From conflict to cruise ships: Belfast's transformation after Good Friday agreement
John Irvine witnessed 'The Troubles' first hand as a reporter and has been back to assess the legacy of the Good Friday Agreement
The walking tour that leaves Belfast City Hall every morning is called “A History of Terror,” which perhaps better reflects 30 years of bloody conflict than the rather banal low-key description “The Troubles.”
Twenty-five years after a negotiated settlement called the Good Friday Agreement consigned most of the violence to history, it’s easy to forget just how grim things really were in Northern Ireland during those dark days.
The backdrop to the peace deal was the fact that failure to reach it would mean the resumption of the bombings and shootings, adding to the death toll of more than 3,700 people.
Against the odds political opponents found common cause and the agreement was signed by all sides.
The guided walking tour through Belfast is a tourist attraction and the number of visitors to Northern Ireland these days is a big surprise. No-one came here during the Troubles. Why would they?
This week the first cruise ship of the season arrived in Belfast, where a record year is expected.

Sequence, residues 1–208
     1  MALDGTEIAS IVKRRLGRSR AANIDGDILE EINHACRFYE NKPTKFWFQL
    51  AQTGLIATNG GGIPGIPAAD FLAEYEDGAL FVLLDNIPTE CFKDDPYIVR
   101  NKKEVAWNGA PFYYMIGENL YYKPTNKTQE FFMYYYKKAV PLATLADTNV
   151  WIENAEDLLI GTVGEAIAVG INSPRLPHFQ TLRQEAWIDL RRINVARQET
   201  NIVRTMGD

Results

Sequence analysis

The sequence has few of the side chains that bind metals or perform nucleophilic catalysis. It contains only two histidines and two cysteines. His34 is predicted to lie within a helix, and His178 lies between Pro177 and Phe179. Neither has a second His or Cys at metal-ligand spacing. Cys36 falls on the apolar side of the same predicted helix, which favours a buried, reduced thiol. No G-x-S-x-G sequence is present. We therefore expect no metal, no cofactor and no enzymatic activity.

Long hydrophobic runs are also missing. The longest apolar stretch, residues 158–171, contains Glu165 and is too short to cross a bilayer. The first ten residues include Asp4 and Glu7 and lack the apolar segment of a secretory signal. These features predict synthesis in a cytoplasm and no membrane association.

Roughly 200 liners are scheduled to bring more than 250,000 tourists.
For many of them the lingering whiff of cordite is an attraction.
They will go and see some of the so called peace lines, the walls that still divide protestant and catholic communities in west Belfast.
Up at Stormont the barriers have gone up again politically.
The Northern Ireland Assembly remains suspended, as it has been for 40% of the time since its creation.
But the stakes aren’t nearly as high as they used to be.
Dissident paramilitaries may be a threat, but no-one expects a wholesale return to the bad old days.
This year will also see the 25th anniversary of the Omagh bombing, the deadliest of all the atrocities.
Through the prism of an outrage that claimed 29 lives the Good Friday Agreement looks like a magnificent merciful breakthrough.
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